Black Man (song)
|Song by Stevie Wonder|
|Genre||Soul, funk, disco|
|Writer||Stevie Wonder, Gary Byrd|
The song was written about Wonder's desire for worldwide interracial harmony, and criticism of racism, as evidenced in earlier works such as "Living for the City". The lyrics referred prominently to Crispus Attucks, widely considered a martyr of the American Revolution. Wonder deliberately chose this theme as the United States Bicentennial was underway at the time of recording.
The song uses color-based terminology; (i.e. black, red, yellow, white, brown) to describe different racial groups and although this language has become less acceptable culturally, these terms are mentioned below, as in the original form of the song, along with the activity for which the song holds each historical figure to be famous.
The opening verses refer to 12 people, or groups of people in two cases, however their names are not mentioned in the song itself. The numbers of people mentioned for each racial grouping are as follows: Black - 3, Red - 3, Yellow - 2, White - 2, Brown - 2.
- Crispus Attucks - a black man - first man to die in the Boston Massacre
- Native American people - the red man's - native people of the American land
- Pedro Alonso Niño - a brown man - guide on the first Columbus trip
- Chinese workers - the yellow man - builders of American railroads
- Dr. Daniel Hale Williams - a black man - first heart surgeon
- Squanto - a red man - helped pilgrims to survive
- Caesar Chavez - a brown man - farm workers leader
- Thomas Edison - a white man - inventor of incandescent light bulb
- Benjamin Banneker - a black man - inventor of first clock to be made in America
- Sacagawea - a red woman - scout who helped lead Lewis and Clark expedition
- Bruce Lee - a yellow man - pioneer of martial arts in America
- Abraham Lincoln - a white man - abolition of slavery
17 people are mentioned in this call-and-response section (although the last name, TJ Marshall, is difficult to hear clearly in the song's fade-out.) The numbers for each racial grouping are as follows: Black - 7, Red - 4, Yellow - 3, White - 2, Brown - 1.
- Matthew Henson - a black man - first man to set foot on the north pole
- Squanto - a red man - first American to show the pilgrims at Plymouth the secrets of survival in the New World
- Sing Kee - a yellow man - soldier of Company G who won high honors in World War I
- Caesar Chavez - a brown man - leader of United Farm Workers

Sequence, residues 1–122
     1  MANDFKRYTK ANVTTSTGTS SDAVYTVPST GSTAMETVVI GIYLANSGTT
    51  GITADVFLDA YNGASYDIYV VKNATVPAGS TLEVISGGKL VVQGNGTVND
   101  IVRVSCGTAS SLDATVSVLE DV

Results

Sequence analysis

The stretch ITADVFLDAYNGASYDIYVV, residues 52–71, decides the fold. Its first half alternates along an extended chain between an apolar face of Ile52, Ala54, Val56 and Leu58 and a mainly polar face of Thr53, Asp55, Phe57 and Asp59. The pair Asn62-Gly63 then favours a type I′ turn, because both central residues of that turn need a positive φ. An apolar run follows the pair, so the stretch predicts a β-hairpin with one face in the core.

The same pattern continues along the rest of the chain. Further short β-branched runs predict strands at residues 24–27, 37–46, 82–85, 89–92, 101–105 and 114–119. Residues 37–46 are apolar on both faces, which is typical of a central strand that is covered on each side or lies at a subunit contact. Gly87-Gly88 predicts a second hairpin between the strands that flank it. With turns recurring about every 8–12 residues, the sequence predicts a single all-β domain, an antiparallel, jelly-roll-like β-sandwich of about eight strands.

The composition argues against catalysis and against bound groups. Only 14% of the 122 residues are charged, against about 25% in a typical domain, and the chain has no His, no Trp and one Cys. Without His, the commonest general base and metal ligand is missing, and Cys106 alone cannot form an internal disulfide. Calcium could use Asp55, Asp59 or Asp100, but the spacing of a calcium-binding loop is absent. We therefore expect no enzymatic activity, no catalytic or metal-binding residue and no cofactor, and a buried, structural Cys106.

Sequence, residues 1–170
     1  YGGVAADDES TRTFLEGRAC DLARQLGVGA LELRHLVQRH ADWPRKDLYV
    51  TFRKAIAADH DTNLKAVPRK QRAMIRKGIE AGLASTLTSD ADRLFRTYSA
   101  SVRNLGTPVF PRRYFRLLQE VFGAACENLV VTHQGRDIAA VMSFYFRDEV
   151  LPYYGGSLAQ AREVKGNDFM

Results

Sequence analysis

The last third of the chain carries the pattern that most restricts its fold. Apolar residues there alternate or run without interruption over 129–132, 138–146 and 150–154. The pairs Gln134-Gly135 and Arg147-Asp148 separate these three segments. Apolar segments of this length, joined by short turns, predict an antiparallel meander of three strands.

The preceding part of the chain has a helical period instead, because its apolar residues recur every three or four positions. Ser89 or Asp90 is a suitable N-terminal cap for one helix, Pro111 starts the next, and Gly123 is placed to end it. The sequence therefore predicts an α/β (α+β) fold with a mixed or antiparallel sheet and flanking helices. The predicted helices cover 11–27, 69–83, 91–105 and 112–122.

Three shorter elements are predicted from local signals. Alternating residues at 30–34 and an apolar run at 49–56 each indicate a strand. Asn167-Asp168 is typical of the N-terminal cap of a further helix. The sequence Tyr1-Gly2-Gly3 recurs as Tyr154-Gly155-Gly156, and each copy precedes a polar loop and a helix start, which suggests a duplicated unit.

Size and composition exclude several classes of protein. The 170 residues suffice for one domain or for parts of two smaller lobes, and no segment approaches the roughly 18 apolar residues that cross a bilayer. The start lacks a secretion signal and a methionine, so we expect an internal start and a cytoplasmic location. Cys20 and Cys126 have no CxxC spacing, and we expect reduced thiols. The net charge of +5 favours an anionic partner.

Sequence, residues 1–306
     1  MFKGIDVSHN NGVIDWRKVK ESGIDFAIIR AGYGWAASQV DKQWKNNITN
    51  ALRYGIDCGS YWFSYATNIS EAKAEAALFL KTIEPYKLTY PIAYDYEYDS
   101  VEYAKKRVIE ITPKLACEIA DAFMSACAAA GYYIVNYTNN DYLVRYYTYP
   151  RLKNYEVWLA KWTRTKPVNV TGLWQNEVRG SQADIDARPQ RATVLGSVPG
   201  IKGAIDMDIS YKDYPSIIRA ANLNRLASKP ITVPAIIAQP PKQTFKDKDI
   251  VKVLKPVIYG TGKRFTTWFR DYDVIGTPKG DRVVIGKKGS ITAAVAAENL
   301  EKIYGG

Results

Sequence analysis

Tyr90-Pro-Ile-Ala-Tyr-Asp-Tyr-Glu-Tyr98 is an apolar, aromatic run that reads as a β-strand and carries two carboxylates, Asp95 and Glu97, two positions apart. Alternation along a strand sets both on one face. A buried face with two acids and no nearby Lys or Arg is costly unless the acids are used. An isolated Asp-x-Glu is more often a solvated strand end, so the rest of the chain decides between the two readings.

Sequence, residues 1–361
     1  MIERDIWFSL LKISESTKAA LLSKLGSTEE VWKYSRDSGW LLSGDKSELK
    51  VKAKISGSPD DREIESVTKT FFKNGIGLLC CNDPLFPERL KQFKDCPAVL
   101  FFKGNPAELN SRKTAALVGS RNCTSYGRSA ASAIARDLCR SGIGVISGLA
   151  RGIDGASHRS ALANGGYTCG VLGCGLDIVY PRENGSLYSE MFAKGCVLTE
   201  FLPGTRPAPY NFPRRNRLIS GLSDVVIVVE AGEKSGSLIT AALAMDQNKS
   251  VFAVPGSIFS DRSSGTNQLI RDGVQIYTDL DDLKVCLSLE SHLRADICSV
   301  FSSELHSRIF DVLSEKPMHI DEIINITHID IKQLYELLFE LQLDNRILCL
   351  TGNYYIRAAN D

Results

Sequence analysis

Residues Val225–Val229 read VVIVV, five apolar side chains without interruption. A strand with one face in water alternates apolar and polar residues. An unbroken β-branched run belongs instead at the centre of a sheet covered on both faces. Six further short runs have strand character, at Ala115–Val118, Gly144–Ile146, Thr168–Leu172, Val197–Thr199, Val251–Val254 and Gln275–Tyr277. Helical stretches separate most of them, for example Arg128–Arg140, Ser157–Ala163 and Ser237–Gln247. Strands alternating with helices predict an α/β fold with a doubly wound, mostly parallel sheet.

- Dr. Charles Drew - a black man - founder of blood plasma and the director of the Red Cross blood bank
- Sacagawea - a red woman - heroine who aided the Lewis and Clark Expedition
- Hayakawa - a yellow man - educator and semanticist who made contributions to education in America
- Garrett Morgan - a black man - invented the world's first stop light and the gas mask
- Harvey William Cushing - a white man - surgeon who was one of the founders of neurosurgery
- Benjamin Banneker - a black man - man who helped design the nation's capitol, made the first Clock to give time in America and wrote the first almanac
- Hiawatha - a red man - hero who helped establish the league of Iroquois
- Michio Kushi - a yellow man - leader of the first macrobiotic center in America
- Jean Baptiste - a black man - founder of the city of Chicago in 1772
- Dennis Banks - a red man - one of the organizers of the American Indian movement
- Luis de Santángel - a white man - Jewish financier who raised funds to sponsor Christopher Columbus' voyage to America
- Harriet Tubman - a black woman - leading slaves to freedom on the Underground Railroad
- TJ Marshall - a black man - inventor of the fire extinguisher
Four people are referred to twice in the song (both in section 1 and section 2): Squanto, Caesar Chavez, Sacagawea, Benjamin Banneker; which means 25 different people or groups of people are referenced in the song.
- Werner, Craig Hansen (2006). A Change is Gonna Come: Music, Race & the Soul of America. University of Michigan Press. p. 187. ISBN 9780472031474.
- Gulla, Bob (2008). Icons of R&B and Soul: Smokey Robinson and the Miracles ; The Temptations ; The Supremes ; Stevie Wonder. Greenwood Publishing Group. p. 322. ISBN 9780313340468.
- Wilson, Ivy G (2011). Specters of Democracy:Blackness and the Aesthetics of Politics in the Antebellum U.S. Oxford University Press. p. 169. ISBN 9780199843725.
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